After lunching on two not-so-memorable sandwiches at Bay Cities and The Spice Table, I finally struck sandwich gold at Langer’s Delicatessen. Located across from MacArthur Park on the cusp of Koreatown, Langer’s has been smoking, steaming, and hand-slicing their world famous pastrami for over sixty years.
The Astronomer and I were inspired to make our way here after sampling the amazing smoked meat sandwiches at Schwartz’s in Montréal. While smoked meat and pastrami aren’t exactly the same beast, we were curious to see how the two compared and whether one was superior to the other.
Joining us for lunch were our friends and fellow Langer’s newbies Lien and Diana. We were seated at a table fit for four in Joan’s jurisdiction. Even though we only understood every other word she hushed, we all agreed that Joan was hands-down the greatest waitress ever.
All three of my dining companions ordered the unadorned hot pastrami sandwich ($12.95). Diana opted for an “extra lean” version that cost an additional $3.25. The sandwiches were served with two spears of dill pickles on the side.
Continue reading ‘Langer’s Delicatessen Restaurant – Los Angeles (Westlake)’
I learned during my stay in Montréal that the locals are quite proud of their bagels. The Jewish immigrants who came to the city from Eastern Europe before and after World War II brought with them a distinct tradition of bagel making that continues today.
Montréal-style bagels are hand-rolled, boiled in honey-infused water, and baked in wood-fired ovens. In contrast to their American counterparts, the ones in Montréal are smaller, sweeter, and denser, with a crisp and smokey crust.
Since two of the city’s most famous bagel shops are located in the same Mile End neighborhood, The Astronomer and I, along with our lovely friend Nina, set out on a bagel tasting. Our first stop was at The Original Fairmount Bagel Bakery. Opened in 1919 by Isadore Shlafman, Fairmount is the city’s very first bagel bakery.
The moment we stepped into the shop, we caught sight of a baker transferring a batch of freshly baked bagels from the oven to a plastic bin using a long wooden slat. The man’s swift motion ensured that all of the bagels ended up in the bin and none on the floor.
Continue reading ‘Montréal Bagel Tour: The Original Fairmount Bagel Bakery and St. Viateur Bagel’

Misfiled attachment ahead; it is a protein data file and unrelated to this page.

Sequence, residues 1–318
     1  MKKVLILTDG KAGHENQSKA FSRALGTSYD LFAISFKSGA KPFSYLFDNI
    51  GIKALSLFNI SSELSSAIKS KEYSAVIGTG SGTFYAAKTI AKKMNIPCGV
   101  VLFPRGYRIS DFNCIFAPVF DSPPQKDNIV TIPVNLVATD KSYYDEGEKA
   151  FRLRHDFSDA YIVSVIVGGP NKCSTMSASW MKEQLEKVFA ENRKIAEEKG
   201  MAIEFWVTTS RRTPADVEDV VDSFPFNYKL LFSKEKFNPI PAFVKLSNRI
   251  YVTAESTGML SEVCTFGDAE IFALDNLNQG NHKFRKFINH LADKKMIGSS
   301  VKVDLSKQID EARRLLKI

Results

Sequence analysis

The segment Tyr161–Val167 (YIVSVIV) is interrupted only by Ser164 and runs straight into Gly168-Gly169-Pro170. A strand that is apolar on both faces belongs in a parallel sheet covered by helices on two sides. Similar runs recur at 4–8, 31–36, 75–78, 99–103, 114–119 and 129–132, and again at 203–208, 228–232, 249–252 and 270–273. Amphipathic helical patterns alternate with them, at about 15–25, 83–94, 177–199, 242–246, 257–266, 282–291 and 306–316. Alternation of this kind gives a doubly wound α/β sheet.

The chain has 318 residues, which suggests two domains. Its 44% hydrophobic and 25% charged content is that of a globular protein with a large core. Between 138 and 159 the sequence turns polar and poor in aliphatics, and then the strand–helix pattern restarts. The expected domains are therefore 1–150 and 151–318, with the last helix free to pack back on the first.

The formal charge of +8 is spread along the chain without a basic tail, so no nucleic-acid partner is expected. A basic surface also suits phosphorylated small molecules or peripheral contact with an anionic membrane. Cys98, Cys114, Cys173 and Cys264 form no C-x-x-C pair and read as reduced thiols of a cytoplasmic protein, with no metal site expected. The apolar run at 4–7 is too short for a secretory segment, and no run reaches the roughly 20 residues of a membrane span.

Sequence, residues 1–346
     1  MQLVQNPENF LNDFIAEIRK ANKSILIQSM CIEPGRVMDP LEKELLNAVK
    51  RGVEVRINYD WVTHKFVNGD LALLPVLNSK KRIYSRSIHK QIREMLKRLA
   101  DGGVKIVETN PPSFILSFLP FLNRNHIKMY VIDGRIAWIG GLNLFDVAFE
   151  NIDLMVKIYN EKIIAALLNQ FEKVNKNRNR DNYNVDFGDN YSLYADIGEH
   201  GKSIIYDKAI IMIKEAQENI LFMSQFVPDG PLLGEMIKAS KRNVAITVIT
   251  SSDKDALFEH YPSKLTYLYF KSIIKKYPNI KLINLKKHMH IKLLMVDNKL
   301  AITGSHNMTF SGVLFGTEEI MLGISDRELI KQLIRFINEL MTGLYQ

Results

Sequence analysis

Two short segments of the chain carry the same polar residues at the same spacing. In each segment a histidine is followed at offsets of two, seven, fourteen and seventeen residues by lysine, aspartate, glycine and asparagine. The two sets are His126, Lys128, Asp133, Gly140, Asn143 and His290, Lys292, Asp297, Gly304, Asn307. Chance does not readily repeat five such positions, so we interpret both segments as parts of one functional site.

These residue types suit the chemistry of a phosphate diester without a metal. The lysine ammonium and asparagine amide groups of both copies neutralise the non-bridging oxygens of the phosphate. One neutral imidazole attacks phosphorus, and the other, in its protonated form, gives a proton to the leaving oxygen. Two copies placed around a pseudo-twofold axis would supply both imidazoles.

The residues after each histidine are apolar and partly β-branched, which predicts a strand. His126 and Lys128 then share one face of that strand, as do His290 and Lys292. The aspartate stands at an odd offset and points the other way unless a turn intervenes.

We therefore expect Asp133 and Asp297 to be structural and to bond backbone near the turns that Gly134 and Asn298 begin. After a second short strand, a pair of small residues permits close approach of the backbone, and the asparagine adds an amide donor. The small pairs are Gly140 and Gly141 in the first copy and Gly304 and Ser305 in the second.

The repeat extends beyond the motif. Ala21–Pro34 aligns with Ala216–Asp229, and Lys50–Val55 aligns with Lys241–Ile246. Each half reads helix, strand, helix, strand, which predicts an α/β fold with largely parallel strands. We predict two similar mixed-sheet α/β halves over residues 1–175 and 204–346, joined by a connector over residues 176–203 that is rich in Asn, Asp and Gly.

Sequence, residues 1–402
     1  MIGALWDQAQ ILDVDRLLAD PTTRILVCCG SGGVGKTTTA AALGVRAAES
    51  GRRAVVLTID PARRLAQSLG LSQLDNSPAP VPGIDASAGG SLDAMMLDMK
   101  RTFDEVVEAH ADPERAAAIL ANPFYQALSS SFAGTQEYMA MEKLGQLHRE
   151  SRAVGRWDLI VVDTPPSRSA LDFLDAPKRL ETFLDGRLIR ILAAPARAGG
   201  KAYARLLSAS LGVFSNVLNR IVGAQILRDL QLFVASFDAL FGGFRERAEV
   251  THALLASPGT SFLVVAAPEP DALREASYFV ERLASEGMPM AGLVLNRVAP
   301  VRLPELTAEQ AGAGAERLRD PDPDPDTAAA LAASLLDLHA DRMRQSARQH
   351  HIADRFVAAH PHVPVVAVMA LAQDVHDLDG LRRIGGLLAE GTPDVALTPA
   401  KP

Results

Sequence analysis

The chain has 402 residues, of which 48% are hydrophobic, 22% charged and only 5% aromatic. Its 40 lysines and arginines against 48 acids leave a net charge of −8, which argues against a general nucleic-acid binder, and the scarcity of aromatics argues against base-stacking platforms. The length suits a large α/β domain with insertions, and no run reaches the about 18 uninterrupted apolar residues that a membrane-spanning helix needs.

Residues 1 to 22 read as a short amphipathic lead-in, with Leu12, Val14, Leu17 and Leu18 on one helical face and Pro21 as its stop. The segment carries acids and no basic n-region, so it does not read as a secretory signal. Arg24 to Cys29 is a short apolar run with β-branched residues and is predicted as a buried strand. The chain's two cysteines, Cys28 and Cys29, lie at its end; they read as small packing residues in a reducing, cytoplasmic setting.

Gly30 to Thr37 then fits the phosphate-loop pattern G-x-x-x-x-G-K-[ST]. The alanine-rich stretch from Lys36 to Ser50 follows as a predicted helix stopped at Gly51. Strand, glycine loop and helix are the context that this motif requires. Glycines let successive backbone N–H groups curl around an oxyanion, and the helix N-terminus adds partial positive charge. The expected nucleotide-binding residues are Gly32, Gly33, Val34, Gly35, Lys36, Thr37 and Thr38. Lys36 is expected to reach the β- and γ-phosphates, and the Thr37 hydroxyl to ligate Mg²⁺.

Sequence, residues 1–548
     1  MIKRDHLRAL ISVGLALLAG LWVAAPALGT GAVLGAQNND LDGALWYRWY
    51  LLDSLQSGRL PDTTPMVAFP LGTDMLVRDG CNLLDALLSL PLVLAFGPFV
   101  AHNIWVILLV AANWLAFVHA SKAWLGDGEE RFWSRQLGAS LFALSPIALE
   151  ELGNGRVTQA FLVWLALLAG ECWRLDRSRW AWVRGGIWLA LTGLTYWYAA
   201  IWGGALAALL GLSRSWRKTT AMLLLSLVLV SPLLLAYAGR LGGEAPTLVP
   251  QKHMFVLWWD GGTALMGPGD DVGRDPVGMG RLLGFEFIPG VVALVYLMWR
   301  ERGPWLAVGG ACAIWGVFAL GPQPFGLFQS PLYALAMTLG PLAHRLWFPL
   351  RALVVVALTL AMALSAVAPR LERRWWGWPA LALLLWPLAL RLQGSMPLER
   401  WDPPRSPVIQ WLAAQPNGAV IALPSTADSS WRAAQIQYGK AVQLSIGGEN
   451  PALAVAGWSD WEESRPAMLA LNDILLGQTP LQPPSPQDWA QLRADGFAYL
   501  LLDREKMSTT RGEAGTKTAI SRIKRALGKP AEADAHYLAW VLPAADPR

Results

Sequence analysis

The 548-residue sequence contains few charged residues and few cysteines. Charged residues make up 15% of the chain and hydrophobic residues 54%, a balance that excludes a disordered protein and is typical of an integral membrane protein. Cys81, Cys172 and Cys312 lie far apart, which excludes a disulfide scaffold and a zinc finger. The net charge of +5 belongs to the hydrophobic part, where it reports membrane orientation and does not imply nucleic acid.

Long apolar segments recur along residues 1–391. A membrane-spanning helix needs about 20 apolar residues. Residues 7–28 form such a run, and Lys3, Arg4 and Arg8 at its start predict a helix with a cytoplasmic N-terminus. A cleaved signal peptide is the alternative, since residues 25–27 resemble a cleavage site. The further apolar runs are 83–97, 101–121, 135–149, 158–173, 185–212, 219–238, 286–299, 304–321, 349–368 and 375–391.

Besides poutine, the thing to eat while in Montréal is smoked meat. There are a handful of purveyors around town, but Schwartz’s Montréal Hebrew Delicatessen is the most well known and highly regarded.
The restaurant was opened in 1928 by a Jewish immigrant from Romania named Reuben Schwartz. The smoked meat is prepared using a secret blend of herbs and spices and marinated for ten days. Schwartz’s has employed the same recipe and techniques for over 80 years and takes great pride in serving a preservative-free product.
The Astronomer and I, along with our friends Nina, Linda, and Dan, made our way here for lunch on our first full day in the city. Even though we arrived well past lunchtime, there was still quite a lengthy line outside the restaurant. After waiting for about 30 minutes, we were finally ushered in.
Due to the restaurant’s limited space and immense popularity, smaller parties are usually seated with strangers along the long narrow tables that occupy the room. Our group was large enough this afternoon to merit our own domain.
Continue reading ‘Schwartz’s Montréal Hebrew Delicatessen – Montréal’
Continuing on my streak of effortless wedding-planning-friendly meals, I prepared a big ‘ol pot of Mushroom Barley Soup to carry me through the week. The Astronomer isn’t too keen on either portobellos or buttons, so it’s been up to me and my random weeknight dinner guests to plow through this monster serving of fungi goodness. The best part of the soup is its genuinely earthy flavor—the taste of mushroom is bold and unmistakable. I also appreciate how the soup is perfectly hearty, thanks to two varieties of mushrooms and toothy grains of barley, without being heavy.
The original recipe calls for a combination of cremini and portobello mushrooms. However, if cremini or portobello are unavailable, white button mushrooms can be substituted. I highly recommend serving this soup with toasty slices of cheesy garlic bread for crunch and richness.
- 3 tablespoons unsalted butter
- 1 onion, chopped fine
- 1 pound cremini mushrooms, stemmed and quartered
- 1 pound portobello mushrooms, stempped and cut into 1/4-inch pieces
- 2 carrots, peeled and chopped medium
- 3 garlic cloves, minced
- 9 cups low-sodium chicken broth
- 1/2 cup pearl barley
- 2 teaspoons minced fresh thyme or 1/2 teaspoon dried
Melt the better in a large Dutch oven over medium-high heat. Add the onion and cook until softened, about 5 minutes.
Stir in the mushrooms and 1/4 teaspoon salt and cook until the mushrooms have softened and browned, 10-15 minutes.
Stir in the carrots and garlic and cook for 1 minute. Stir in the broth, barley, thyme, and 1/2 teaspoon salt. Bring to a simmer and cook until the barley is tender, about 50 minutes. Season with salt and pepper to taste before serving.
Makes 6 to 8 servings.
Recipe from The America’s Test Kitchen Family Cookbook